ChampCar sanctions a series of open wheel races descended from the Indy Cars of the 1990s, and also sanctions the ChampCar Atlantic support series.
In the late 70s, many of the team owners racing in the USAC championship series (aka Indy car racing) became concerned about USAC\'s management. Roger Penske and Pat Patrick led a breakaway group who founded Championship Auto Racing Teams (CART) in 1978. CART and USAC dueled for several years, eventually settling into an uneasy peace where USAC sanctioned the Indy 500 and CART sanctioned the remaining races. This relative peace lasted until the early 90s, when IMS president Tony George expressed public concerns about costs, shifts away from oval racing, and foreign drivers in the series.
In 1996, the Indy Racing League debuted, with the same cars and specifications as CART, under USAC sanction, and a full up sanctioning body war broke out. Both organizations staggered through the next several years, and the IRL debuted completely different cars and engines, rendering crossover difficult. A brief thaw in relations enabled temporary returns to the Indy 500 by Ganassi and then Penske in 2000 and 2001 respectively. After the Penske and Ganassi teams moved from CART to the IRL in 2002, many other CART teams followed suit, and CART went bankrupt. The organization was bought out by some of the remaining owners and renamed ChampCar. ChampCar has been gradually returning to health, and there is as of this writing (mid 2006) some talk of reunification with the IRL, although considerable uncertainty remains.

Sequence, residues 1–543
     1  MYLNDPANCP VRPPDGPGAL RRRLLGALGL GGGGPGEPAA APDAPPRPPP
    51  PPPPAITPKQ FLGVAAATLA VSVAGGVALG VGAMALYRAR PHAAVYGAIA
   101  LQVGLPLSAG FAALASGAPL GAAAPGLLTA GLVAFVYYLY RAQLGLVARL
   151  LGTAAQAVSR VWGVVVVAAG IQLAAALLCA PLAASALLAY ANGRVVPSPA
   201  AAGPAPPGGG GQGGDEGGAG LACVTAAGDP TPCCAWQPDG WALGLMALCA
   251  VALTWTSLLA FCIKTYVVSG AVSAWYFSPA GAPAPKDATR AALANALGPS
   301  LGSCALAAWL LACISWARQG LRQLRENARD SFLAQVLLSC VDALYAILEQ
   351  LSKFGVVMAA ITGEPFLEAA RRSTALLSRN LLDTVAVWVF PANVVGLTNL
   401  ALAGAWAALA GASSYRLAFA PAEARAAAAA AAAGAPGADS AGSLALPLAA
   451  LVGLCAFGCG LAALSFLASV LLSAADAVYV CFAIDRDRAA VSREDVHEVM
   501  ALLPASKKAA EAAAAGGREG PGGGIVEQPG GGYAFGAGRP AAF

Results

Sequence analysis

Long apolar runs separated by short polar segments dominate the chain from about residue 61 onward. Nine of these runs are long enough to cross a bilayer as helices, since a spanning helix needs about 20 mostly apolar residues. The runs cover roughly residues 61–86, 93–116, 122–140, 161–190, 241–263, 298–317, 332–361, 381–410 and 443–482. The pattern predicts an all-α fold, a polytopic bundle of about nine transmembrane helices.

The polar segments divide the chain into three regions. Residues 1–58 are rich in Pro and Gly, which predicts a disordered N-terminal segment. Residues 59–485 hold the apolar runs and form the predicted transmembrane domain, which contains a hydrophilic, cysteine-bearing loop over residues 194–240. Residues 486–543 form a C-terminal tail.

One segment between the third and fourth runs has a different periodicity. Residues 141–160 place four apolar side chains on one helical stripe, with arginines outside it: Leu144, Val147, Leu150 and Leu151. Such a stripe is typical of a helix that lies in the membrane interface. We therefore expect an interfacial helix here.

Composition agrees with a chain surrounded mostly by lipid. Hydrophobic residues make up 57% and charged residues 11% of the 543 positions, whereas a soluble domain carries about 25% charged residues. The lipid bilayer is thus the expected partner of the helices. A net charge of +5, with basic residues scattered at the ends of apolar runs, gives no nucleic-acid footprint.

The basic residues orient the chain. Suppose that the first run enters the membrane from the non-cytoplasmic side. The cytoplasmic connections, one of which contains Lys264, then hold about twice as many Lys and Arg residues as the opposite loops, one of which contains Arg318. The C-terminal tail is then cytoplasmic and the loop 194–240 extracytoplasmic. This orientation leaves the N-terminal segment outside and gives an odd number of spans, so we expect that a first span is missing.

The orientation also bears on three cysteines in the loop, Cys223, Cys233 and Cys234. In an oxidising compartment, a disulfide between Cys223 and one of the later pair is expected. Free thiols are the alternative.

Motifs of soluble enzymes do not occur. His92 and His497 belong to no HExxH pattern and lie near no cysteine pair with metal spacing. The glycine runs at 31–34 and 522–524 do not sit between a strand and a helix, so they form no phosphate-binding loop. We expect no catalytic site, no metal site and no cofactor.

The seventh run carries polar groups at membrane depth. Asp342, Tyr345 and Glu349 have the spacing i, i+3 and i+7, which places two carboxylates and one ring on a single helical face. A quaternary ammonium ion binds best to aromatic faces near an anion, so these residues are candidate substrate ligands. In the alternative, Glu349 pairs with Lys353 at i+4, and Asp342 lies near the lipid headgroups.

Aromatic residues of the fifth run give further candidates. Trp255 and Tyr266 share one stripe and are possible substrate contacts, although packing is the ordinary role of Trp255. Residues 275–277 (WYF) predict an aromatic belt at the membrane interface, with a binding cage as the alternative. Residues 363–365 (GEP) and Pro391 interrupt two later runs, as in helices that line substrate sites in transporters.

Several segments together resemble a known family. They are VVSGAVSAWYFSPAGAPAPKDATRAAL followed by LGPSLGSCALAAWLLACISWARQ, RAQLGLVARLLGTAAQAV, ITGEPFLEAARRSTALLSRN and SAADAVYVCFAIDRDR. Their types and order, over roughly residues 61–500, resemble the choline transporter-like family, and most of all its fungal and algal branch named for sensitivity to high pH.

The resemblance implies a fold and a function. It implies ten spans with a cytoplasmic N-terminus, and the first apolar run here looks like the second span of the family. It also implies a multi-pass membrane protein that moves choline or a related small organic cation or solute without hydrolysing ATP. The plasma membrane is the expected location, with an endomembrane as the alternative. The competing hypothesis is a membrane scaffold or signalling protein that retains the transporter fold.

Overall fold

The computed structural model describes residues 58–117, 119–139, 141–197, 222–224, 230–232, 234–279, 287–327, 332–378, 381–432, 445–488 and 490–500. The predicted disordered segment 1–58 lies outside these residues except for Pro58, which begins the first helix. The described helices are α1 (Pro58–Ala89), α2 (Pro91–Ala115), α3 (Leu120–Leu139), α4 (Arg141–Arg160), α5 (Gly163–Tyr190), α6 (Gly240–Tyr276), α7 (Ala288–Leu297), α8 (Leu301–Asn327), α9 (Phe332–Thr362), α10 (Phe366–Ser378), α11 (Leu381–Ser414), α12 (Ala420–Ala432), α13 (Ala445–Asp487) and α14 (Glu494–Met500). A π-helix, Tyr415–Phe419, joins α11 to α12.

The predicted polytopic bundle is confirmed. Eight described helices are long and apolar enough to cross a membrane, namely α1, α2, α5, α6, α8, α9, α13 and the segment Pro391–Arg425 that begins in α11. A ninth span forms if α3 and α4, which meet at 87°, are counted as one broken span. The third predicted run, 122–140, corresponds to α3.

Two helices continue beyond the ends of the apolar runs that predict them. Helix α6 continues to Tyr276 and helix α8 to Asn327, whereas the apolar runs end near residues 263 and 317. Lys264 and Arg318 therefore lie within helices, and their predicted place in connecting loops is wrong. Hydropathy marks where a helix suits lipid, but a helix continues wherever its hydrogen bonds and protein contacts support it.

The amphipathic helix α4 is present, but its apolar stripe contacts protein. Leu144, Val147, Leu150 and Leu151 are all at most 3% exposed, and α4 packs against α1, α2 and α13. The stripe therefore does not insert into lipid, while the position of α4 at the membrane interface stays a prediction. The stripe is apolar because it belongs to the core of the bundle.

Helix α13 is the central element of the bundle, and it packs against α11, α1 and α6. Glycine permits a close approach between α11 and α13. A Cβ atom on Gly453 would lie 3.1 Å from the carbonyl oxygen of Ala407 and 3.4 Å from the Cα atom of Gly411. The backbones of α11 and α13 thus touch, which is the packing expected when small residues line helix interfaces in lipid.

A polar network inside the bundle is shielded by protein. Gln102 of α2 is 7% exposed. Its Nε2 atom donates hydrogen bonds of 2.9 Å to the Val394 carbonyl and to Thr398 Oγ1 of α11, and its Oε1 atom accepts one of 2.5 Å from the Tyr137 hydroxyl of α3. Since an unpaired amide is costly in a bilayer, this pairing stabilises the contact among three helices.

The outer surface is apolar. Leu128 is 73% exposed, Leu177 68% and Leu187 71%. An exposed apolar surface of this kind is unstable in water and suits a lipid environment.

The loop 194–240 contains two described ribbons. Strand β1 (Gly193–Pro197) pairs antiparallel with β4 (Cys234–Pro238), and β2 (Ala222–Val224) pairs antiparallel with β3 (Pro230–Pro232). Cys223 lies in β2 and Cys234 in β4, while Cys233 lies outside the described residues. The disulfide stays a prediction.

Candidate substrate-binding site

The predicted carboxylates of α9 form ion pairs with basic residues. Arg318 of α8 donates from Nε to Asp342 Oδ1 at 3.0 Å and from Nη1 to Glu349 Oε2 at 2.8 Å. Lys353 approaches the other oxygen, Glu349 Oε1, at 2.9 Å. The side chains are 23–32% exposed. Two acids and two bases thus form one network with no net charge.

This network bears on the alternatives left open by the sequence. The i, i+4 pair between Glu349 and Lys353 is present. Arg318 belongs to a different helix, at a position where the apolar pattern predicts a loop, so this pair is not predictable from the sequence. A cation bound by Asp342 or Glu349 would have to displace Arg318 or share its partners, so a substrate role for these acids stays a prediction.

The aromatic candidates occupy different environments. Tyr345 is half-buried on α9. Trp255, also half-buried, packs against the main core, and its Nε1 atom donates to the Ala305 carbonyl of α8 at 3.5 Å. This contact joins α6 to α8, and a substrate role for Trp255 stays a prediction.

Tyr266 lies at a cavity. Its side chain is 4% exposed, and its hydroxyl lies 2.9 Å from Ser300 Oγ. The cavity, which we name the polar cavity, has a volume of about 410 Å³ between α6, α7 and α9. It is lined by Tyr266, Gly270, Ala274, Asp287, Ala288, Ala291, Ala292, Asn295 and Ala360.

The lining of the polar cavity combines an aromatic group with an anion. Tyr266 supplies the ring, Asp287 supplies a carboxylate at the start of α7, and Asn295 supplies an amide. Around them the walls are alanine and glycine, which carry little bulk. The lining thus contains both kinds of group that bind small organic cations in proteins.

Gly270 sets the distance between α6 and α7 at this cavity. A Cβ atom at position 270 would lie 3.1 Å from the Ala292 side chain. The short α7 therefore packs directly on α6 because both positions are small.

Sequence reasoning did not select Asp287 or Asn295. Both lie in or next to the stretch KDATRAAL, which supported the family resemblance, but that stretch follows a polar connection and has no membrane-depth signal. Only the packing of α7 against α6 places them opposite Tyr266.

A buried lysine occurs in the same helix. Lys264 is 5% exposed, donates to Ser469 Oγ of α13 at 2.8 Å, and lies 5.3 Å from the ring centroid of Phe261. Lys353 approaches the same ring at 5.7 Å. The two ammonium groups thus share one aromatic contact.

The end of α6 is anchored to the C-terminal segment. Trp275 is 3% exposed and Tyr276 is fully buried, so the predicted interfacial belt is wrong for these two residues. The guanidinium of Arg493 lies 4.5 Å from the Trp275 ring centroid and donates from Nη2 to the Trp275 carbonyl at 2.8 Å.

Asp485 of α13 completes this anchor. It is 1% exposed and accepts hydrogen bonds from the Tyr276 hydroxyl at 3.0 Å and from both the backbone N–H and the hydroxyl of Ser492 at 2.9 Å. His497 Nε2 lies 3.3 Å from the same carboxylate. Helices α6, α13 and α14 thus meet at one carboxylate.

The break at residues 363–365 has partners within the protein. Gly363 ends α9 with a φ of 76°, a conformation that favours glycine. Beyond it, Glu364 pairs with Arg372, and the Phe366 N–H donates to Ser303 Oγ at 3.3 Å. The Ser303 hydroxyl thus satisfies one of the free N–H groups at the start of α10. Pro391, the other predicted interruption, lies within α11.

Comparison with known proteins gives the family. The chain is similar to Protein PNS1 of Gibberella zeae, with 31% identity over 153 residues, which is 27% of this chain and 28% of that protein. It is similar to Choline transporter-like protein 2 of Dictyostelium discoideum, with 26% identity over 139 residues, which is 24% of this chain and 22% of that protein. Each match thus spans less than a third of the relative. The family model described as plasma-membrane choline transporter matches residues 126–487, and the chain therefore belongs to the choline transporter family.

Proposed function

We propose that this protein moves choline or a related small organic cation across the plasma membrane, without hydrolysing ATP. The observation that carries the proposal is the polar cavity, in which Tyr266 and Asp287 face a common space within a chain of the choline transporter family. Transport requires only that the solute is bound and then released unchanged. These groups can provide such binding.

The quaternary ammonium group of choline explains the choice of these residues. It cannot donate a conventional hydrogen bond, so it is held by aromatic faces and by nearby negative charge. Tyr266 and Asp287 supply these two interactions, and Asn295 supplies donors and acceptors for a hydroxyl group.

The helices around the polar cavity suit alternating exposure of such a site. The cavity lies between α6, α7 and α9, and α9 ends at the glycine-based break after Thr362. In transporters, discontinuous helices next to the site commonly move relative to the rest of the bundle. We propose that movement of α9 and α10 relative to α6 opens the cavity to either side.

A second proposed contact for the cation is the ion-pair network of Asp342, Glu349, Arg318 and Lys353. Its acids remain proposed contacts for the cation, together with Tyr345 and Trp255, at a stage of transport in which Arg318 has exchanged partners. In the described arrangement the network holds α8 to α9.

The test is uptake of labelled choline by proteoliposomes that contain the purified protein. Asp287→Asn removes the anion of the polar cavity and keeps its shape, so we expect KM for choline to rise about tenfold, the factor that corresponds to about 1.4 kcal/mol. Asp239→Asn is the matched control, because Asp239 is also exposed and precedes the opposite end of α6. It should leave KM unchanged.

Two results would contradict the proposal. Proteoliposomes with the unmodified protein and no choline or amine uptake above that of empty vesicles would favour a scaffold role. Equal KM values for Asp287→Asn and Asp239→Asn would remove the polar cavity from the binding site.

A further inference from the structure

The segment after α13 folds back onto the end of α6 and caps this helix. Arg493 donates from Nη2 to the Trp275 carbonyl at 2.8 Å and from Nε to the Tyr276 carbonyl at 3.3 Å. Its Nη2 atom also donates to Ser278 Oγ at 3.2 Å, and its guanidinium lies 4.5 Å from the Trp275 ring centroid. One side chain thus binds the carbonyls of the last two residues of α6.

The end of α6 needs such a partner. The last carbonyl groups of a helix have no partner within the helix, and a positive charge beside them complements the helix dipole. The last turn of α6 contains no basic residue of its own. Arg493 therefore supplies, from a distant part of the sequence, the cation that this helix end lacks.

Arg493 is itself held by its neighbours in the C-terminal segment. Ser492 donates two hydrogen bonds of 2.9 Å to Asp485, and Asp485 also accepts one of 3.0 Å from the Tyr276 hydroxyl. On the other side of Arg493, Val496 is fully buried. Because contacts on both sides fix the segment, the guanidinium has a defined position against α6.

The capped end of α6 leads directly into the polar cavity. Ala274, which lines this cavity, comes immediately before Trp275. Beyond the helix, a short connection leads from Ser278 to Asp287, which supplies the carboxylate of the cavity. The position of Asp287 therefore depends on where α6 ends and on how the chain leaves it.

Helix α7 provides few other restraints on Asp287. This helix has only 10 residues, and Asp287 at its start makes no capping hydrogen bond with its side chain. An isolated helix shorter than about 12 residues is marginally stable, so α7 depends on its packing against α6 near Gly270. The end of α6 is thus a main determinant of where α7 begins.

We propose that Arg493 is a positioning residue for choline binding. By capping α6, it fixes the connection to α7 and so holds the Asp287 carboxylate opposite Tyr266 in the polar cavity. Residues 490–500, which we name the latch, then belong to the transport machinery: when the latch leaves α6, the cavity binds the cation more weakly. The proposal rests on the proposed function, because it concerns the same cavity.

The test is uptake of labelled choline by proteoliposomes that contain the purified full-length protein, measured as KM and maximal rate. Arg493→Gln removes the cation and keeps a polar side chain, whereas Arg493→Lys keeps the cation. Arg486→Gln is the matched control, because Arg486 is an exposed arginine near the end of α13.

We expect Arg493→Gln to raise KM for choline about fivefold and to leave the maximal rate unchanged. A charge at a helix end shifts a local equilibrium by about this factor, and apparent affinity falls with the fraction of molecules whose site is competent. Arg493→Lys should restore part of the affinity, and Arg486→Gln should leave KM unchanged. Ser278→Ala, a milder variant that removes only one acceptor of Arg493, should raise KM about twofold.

ChampCar Atlantic runs cars similar to the SCCA Formula Atlantic (originally Formula B in the 1960s). The series was originally sanctioned by SCCA Pro Racing with Toyota Engines, but shifted to CART/ChampCar sanction some years ago. The ChampCar series runs a spec version of the Atlantic with Mazda engines, whereas SCCA club rules still allow any homologated car that meets the requirements of the Formula Category Specification for Formula Atlantic.